Effective from Friday- a new automated tolling system to be rolled out at harbour bridge


There is expected to be an ease in traffic congestion, following the rolling out of a multi-million-dollar automated tolling system to commuters.

See press release:

In an effort to reduce the traffic chaos and confusion at the Demerara Harbour Bridge, newly appointed Commissioner of Police (ag) Mr. Clifton Hicken this morning (Thursday March 31st, 2022) met with his Traffic Chief and the bridge manager to reassess the traffic strategy that was put in place to alleviate the traffic woes at the bridge during the peak hours.

The Top Cop and a team comprising Traffic Chief Mr. Ramesh Ashram, Traffic Officer in Charge of Region #3 Inspector Eon Issacs, and Assistant Superintendent of Police Kevin Das, met with the DHB General Manager Mr. Wayne Watson and had discussions at both ends of the bridge as they assess the traffic situation with a view towards finding a workable solution to the long-standing problem.


Mr. Hicken was pleased to point out the fact that there was a relatively smooth flow of traffic on both the eastern and western end of the bridge during the peak hours this morning, with no visible sign of the usual traffic congestion.

This, he said, is an indication that the current strategy is working in terms of opening two lanes of traffic (double lane) going east – (West Bank to East Bank across the bridge) from 6:00 am to 7:00 am. A second opening for two-lane traffic will depend on the traffic situation on both sides of the bridge.


Following the meeting, Commissioner (ag) Mr. Hicken and his team did a brief inspection of the new Police Outpost located at the eastern end of the DHB and which was handed over to the GPF earlier in the year. DHB Manager Mr. Watson noted that the Police Outpost is to aid in the prevention and detection of crime and to enhance the monitoring of any traffic situation in the area. Watson noted that the DHB administration has also donated a motorcycle to the police, which is already being used by traffic ranks to execute their duties in and around the bridge area.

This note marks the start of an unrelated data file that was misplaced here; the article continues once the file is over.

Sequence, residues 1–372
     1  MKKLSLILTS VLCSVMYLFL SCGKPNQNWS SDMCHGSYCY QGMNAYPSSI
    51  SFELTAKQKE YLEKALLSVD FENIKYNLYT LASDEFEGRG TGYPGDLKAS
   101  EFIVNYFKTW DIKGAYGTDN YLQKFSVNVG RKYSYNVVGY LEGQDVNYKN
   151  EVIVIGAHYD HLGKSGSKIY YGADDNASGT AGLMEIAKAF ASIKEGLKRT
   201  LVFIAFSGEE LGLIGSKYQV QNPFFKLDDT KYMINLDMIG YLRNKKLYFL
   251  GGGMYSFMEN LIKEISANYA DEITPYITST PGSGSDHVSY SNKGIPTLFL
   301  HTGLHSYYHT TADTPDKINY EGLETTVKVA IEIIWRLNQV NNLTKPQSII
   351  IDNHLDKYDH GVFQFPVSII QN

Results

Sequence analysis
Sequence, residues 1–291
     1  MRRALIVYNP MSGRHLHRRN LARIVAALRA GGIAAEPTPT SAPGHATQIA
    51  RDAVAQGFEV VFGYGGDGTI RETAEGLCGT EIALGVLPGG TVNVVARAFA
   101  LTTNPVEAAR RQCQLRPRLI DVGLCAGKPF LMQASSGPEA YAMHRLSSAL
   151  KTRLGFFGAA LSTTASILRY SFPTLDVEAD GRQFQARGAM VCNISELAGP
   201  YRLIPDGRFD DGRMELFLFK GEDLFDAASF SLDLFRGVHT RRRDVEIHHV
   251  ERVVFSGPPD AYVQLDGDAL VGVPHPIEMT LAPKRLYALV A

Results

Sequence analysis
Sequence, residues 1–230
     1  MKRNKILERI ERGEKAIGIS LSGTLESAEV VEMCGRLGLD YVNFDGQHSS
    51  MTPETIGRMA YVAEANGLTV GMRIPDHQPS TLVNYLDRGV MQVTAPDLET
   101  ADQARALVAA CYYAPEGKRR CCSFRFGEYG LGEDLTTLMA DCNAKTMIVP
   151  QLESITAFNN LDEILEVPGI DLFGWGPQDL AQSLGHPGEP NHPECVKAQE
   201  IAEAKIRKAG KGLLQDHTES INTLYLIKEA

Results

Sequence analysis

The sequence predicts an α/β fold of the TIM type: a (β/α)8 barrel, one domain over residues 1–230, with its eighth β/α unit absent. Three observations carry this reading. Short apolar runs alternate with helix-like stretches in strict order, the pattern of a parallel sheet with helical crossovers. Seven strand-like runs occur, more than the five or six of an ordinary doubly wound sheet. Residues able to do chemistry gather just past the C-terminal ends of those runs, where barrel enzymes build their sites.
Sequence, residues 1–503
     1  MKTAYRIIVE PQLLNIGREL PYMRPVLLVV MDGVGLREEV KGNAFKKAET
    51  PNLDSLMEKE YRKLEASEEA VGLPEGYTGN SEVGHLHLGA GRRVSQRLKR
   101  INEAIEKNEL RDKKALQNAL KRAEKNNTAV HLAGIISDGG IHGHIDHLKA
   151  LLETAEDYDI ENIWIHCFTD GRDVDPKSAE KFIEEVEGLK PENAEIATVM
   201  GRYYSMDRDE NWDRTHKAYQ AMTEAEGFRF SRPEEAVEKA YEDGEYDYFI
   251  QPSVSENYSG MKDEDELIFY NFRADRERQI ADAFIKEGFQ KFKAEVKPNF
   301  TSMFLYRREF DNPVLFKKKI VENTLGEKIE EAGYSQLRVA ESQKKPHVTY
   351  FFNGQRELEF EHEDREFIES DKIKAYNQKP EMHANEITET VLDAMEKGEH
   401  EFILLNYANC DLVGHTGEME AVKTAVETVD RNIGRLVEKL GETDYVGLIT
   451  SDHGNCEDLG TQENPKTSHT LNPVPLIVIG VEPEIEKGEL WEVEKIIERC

And as part of the bigger traffic strategy, Mr. Ashram said more traffic ranks will be visible at specific points along the road to assess the traffic situation and, in the event of a build-up or congestion, a decision will be taken to open up an extra lane to ease the traffic flow. Also, more traffic cones will be placed at strategic points on the road to aid in the free flow of traffic.

“The new arrangement entails having more ranks on the ground to constantly monitor the traffic situation and any buildup of the traffic on either sides, that information will be passed upwards and can trigger a double lane…the idea is to move the traffic and not get it stagnated on either side of the bridge,” the Traffic Chief posited.


Meanwhile, the DHB General Manager Mr. Watson has disclosed that traffic congestion at the bridge will also be eased with the rolling out of its multi-million-dollar automated tolling system to commuters from tomorrow (April 1st, 2022).

Watson noted that a pilot testing phase of the system (which started in February this year with a few select vehicles) went well, thus the move to roll out the automated system to the public from tomorrow.

Watson said commuters will only need to pay their toll via a Radio-Frequency Identification (RFID) tag which will be placed on the front of their vehicle and on their mobile phone.

According to him, bridge commuters will be registered to a database and they will need to have funds in their mobile money account. The magnetic RFID tag will go on the vehicle and when that vehicle approaches the toll station on the eastern end of the bridge, the system’s sensors will identify the commuters’ vehicle using the tag and the toll will be deducted automatically.

He noted that with the system, different tags will be created for different vehicles, whether cars, trucks or vans.


Traffic Chief Mr. Ashram is also urging persons to remove all obstructions or encumbrances on the main access roads, especially derelict vehicles/equipment and immovable vehicles parked along the roadways or act as a hindrance to traffic.

Ashram said the Police will be working closely with the NDCs and RDCs to enforce adherence to this advisory and anyone found culpable will be placed before the courts. He noted that persons can be persecuted under Section 29 of the Road Act, Cap. 51:01 of the Laws of Guyana.


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